Following claims of anthelmintic activity of Cereus jamacaru DC (Cactaceae) by a commercial
farmer, in vivo studies were conducted to determine the possible direct anthelmintic effects of the
plant on ovine gastrointestinal nematodes. Eighteen sheep were infected with 4000 Haemonchus
contortus and 6000 Trichostrongylus colubriformis larvae given in three divided doses over a
period of three days. Once the infections were patent, the sheep were allocated to three groups
and were drenched once a week for six weeks with fresh blended C. jamacaru plant material at a
single (32.3 g/sheep) or double dose (64.6 g/sheep) or they remained as undrenched controls.
Faeces were collected from individual animals on the day of treatment and three days thereafter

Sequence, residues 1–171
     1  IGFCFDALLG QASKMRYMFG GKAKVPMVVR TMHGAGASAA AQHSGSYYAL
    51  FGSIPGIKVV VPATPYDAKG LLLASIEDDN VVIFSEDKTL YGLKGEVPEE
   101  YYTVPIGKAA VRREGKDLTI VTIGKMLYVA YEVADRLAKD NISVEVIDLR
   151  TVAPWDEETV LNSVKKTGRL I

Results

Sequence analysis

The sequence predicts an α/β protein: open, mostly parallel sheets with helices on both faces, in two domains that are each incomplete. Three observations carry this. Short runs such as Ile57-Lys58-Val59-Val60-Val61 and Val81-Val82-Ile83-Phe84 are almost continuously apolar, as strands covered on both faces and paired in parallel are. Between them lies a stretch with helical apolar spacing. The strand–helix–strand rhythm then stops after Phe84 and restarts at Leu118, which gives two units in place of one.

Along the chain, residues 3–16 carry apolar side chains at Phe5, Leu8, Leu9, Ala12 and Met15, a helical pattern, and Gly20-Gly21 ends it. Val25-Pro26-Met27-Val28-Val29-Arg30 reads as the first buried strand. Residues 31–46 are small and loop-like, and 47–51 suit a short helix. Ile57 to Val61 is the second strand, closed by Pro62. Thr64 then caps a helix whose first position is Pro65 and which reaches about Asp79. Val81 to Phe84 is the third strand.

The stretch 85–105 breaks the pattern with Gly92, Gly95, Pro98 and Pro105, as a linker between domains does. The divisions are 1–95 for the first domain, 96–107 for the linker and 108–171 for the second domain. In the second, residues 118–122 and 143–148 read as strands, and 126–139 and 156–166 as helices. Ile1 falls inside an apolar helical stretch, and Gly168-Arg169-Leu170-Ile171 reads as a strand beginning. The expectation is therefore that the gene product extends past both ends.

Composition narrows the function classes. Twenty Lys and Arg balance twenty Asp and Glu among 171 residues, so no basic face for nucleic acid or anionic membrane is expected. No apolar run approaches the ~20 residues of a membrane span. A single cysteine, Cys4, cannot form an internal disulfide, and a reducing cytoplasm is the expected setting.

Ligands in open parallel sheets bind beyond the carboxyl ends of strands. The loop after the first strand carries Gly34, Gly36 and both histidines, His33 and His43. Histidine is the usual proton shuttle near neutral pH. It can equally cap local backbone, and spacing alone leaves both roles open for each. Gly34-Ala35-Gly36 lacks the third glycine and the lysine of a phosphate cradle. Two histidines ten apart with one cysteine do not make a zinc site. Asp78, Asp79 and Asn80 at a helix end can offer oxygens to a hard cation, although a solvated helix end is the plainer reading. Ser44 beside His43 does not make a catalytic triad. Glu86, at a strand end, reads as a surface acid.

on a weekly basis for seven weeks for faecal egg count. While there were no statistically
significant differences in the egg counts between the groups, a double dose of C. jamacaru was
effective in reducing the egg counts in the sheep by 18-65% over the 49 days of the experiment.
Given that all animals remained in good health throughout the course of the experiment, with no
adverse events occurring during the study, further experiments using higher doses or
administering the plant material for a longer period of time than in the present study would be